(ii) A heavy rectangular body of width $L$ and infinite length (in the $z$-direction) is pivoted about one edge at $(x, y)=(0,0)$ above a fixed rigid horizontal plane $y=0$. The body has weight $W$ per unit length in the $z$-direction, its centre of mass is distance $L / 2$ from the pivot, and it is falling under gravity towards the fixed plane through a viscous, incompressible fluid. Let $\alpha(t) \ll 1$ be the angle between the body and the plane. Explain the approximations of lubrication theory which permit equations (1) and (2) of Part (i) to apply to the flow in the gap between the two surfaces.

Deduce that, in the gap,

$P_{x}=\frac{6 \mu \dot{\alpha}}{x \alpha^{3}},$

where $\dot{\alpha}=d \alpha / d t$. By taking moments about $(x, y)=(0,0)$, deduce that $\alpha(t)$ is given by

$\frac{1}{\alpha^{2}}-\frac{1}{\alpha_{0}^{2}}=\frac{2 W t}{3 \mu L}$

where $\alpha(0)=\alpha_{0}$.

A4.19

comment(a) Solute diffuses and is advected in a moving fluid. Derive the transport equation and deduce that the solute concentration $C(\mathbf{x}, t)$ satisfies the advection-diffusion equation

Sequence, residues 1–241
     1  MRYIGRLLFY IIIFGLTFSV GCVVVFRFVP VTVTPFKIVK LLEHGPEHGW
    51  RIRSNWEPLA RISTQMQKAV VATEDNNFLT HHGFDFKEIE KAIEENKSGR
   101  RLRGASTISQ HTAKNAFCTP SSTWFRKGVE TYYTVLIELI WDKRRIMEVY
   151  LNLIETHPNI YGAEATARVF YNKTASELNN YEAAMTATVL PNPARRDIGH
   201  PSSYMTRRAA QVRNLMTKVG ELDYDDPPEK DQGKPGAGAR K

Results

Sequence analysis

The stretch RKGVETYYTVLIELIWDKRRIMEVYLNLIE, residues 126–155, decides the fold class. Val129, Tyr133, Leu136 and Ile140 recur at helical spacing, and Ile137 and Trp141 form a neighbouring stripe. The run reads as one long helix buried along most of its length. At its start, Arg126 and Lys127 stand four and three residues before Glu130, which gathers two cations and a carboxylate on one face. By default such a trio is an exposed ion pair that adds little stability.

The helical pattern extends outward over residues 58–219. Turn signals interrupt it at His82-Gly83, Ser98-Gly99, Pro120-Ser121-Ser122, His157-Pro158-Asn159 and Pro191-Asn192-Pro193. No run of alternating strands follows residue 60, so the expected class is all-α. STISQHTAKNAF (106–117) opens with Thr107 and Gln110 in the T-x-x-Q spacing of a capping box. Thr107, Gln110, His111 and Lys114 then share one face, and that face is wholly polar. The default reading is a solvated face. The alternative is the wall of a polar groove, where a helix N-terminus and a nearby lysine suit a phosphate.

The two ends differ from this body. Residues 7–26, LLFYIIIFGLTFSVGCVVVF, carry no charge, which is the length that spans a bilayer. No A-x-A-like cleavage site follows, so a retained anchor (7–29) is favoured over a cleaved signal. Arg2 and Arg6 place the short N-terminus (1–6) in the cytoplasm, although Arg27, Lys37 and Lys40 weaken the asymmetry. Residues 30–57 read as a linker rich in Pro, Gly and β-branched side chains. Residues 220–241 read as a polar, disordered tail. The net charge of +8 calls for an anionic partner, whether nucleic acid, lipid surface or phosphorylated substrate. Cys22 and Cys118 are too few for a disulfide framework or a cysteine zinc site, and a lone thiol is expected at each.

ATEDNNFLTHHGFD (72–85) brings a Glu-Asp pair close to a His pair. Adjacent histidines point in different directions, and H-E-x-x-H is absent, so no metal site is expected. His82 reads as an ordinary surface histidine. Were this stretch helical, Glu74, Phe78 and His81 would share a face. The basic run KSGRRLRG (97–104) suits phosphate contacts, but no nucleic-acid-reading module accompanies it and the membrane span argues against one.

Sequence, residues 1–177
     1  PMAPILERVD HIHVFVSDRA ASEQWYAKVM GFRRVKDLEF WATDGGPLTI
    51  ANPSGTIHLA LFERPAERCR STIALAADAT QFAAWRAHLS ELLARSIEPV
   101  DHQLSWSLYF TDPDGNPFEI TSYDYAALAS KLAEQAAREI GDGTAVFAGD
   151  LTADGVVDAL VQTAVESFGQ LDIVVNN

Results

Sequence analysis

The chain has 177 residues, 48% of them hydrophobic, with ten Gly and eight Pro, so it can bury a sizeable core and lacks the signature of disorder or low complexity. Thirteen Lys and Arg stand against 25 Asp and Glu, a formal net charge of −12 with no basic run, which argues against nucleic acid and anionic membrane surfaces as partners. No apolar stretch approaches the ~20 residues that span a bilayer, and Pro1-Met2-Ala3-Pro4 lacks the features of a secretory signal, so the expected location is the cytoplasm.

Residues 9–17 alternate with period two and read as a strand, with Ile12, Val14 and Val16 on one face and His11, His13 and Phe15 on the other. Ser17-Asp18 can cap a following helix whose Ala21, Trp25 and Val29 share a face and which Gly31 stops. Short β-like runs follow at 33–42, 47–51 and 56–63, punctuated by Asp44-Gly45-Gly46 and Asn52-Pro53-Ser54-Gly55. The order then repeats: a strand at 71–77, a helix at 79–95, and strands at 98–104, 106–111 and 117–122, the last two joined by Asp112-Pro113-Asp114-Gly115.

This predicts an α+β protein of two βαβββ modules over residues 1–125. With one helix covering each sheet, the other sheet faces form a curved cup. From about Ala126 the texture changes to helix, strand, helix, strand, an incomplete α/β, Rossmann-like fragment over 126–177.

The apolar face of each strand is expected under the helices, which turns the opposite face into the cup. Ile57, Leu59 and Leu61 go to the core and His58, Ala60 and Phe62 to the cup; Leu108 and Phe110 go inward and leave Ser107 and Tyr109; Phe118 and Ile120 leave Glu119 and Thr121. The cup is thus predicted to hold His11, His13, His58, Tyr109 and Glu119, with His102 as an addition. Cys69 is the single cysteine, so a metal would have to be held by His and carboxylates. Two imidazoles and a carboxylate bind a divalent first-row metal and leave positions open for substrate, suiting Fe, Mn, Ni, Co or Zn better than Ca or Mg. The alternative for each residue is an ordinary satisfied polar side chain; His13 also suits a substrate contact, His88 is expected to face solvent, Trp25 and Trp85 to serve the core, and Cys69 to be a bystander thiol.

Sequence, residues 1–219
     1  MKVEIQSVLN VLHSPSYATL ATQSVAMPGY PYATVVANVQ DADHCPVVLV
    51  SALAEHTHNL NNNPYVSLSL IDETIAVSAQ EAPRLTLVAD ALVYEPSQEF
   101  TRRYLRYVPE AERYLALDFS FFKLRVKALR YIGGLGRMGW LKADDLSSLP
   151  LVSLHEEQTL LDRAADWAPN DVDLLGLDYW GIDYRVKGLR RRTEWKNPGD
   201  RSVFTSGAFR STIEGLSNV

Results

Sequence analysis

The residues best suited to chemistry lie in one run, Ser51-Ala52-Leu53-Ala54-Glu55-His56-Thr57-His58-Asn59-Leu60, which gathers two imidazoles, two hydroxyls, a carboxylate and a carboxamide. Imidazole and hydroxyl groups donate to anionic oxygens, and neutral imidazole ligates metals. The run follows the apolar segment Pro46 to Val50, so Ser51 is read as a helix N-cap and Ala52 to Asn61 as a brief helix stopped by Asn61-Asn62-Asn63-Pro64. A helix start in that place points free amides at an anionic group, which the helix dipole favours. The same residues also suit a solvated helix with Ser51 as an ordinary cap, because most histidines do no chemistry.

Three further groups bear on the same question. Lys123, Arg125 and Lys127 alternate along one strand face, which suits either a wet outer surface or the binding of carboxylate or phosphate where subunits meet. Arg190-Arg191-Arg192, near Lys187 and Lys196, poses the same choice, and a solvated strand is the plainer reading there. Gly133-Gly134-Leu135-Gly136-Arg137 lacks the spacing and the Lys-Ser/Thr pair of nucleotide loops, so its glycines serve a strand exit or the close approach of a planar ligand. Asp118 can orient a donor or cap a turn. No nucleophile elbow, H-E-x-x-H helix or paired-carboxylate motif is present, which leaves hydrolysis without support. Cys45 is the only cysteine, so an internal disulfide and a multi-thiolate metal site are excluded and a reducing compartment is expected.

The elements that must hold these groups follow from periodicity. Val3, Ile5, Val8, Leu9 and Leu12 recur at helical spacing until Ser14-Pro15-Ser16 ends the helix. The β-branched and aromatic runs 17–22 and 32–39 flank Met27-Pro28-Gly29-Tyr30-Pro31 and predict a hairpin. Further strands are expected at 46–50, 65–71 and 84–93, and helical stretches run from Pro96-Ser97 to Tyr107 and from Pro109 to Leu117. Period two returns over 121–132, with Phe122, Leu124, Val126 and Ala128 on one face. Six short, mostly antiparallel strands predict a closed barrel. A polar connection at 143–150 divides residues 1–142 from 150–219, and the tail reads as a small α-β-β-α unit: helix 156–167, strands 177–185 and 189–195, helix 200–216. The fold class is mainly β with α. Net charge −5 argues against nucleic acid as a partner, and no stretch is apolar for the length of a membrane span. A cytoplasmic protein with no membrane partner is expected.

$C_{t}+\nabla \cdot(\mathbf{u} C)=\nabla \cdot(D \nabla C)$

where $\mathbf{u}$ is the velocity field and $D$ the diffusivity. Write down the form this equation takes when $\nabla \cdot \mathbf{u}=0$, both $\mathbf{u}$ and $\nabla C$ are unidirectional, in the $x$-direction, and $D$ is a constant.

(b) A solution occupies the region $x \geqslant 0$, bounded by a semi-permeable membrane at $x=0$ across which fluid passes (by osmosis) with velocity

$u=-k\left(C_{1}-C(0, t)\right)$

where $k$ is a positive constant, $C_{1}$ is a fixed uniform solute concentration in the region $x<0$, and $C(x, t)$ is the solute concentration in the fluid. The membrane does not allow solute to pass across $x=0$, and the concentration at $x=L$ is a fixed value $C_{L}$ (where $\left.C_{1}>C_{L}>0\right)$.

Write down the differential equation and boundary conditions to be satisfied by $C$ in a steady state. Make the equations non-dimensional by using the substitutions

$X=\frac{x k C_{1}}{D}, \quad \theta(X)=\frac{C(x)}{C_{1}}, \quad \theta_{L}=\frac{C_{L}}{C_{1}},$